Wednesday, May 25, 2005

Blogball Tribute

With Memorial day coming up we sometimes (Including myself) look at this day as just another three day weekend.
I thought this poem was a good reminder of what it’s all about.


In Flanders Fields
John McCrae, 1915.

In Flanders fields the poppies blow
Between the crosses, row on row
That mark our place; and in the sky
The larks, still bravely singing, fly
Scarce heard amid the guns below.
We are the Dead. Short days ago
We lived, felt dawn, saw sunset glow,
Loved and were loved, and now we lie
In Flanders fields.

Take up our quarrel with the foe:
To you from failing hands we throw
The torch; be yours to hold it high.
If ye break faith with us who die
We shall not sleep, though poppies grow
In Flanders fields.


Here is some information on Flanders Field I found interesting:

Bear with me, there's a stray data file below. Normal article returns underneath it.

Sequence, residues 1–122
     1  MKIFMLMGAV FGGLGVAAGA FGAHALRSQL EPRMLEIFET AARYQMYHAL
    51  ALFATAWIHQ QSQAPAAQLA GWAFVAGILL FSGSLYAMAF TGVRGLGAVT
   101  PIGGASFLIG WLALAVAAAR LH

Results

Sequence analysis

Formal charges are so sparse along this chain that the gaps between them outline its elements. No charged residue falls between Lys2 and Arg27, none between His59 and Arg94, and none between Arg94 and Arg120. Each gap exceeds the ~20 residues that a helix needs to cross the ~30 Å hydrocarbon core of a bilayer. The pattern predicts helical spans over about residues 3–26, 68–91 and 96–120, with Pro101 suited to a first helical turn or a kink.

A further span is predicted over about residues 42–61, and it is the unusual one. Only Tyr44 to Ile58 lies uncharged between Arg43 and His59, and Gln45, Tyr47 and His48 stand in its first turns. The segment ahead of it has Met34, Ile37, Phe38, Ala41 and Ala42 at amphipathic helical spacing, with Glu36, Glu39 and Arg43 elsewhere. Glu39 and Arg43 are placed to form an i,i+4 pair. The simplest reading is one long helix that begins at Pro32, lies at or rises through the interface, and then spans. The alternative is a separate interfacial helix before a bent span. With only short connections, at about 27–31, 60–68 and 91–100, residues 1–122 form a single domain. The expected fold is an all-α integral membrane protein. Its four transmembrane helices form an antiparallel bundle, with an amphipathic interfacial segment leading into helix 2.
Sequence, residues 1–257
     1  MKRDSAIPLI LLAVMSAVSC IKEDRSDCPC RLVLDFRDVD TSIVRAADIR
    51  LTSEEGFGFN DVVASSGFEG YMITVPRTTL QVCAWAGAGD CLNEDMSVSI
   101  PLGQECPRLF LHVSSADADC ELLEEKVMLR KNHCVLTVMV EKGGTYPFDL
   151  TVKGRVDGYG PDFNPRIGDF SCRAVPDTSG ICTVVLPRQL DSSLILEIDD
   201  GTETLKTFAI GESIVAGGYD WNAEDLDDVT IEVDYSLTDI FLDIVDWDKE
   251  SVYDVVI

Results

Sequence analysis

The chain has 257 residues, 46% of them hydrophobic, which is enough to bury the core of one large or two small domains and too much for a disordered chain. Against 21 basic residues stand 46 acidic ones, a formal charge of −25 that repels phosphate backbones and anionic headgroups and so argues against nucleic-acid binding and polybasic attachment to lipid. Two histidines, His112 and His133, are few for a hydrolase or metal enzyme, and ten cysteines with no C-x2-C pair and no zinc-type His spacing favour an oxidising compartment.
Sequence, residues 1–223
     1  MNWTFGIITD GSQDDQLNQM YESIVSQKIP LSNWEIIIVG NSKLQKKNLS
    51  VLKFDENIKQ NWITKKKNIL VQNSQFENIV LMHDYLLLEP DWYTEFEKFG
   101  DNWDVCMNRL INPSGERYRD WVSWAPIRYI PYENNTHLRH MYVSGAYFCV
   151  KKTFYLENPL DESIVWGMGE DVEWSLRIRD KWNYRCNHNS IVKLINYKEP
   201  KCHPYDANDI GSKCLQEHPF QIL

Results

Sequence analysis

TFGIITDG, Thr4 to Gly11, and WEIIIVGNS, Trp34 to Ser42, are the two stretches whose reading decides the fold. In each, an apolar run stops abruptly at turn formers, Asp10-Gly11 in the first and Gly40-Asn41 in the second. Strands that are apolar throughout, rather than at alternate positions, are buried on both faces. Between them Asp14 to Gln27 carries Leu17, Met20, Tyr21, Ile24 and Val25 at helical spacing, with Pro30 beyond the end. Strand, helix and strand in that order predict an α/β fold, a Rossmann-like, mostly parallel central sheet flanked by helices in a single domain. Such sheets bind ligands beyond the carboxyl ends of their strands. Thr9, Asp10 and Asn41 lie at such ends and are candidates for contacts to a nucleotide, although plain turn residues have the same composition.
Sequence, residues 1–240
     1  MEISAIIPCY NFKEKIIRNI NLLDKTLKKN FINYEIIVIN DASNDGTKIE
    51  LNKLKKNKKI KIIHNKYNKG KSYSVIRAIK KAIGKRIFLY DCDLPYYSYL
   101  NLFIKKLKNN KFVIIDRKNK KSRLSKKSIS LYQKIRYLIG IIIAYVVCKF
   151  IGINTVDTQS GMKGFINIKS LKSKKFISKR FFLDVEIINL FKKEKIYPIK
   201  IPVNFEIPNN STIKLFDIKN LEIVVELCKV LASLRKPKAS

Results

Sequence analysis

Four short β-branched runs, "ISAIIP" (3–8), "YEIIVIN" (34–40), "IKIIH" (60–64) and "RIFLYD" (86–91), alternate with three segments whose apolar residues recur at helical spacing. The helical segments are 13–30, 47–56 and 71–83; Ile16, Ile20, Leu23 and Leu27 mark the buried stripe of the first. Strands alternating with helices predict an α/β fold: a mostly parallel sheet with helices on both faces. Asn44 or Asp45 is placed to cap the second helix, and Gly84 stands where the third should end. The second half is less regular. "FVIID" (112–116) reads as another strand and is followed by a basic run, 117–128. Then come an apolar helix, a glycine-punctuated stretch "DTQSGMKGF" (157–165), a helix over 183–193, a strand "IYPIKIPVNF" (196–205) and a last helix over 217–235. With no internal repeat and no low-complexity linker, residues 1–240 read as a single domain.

Inspiration for the PoemOn 2 May, 1915, in the second week of fighting during the Second Battle of Ypres Lieutenant Alexis Helmer was killed by a German artillery shell. He was a friend of the Canadian military doctor Major John McCrae. It is believed that John began the draft for his famous poem 'In Flanders Fields' that evening.

Flanders Field American Cemetery and Memorial lies on the southeast edge of the town of Waregem, Belgium. At this peaceful location rest 368 American military Dead, most of whom gave their lives in liberating Belgium in World War I.

2 comments:

mamacita said...

Blogball, this post on Flanders Fields (which I didn't have a chance to see until today) is one of the most moving and worthwhile posts in all the blogsites that I regularly view. I hadn't read the poem for years and the first reading, in your post, made me think, "Oh, yes--good poem." But the second reading gave me chills. Thanks for the information, which makes it all the more meaningful.

blogball said...

Yes Mamacita. I got chills too (I guess we have low chill thresholds)
I had to read the poem a couple of time too to get the full effect. (Especially the last 4 or 5 lines.)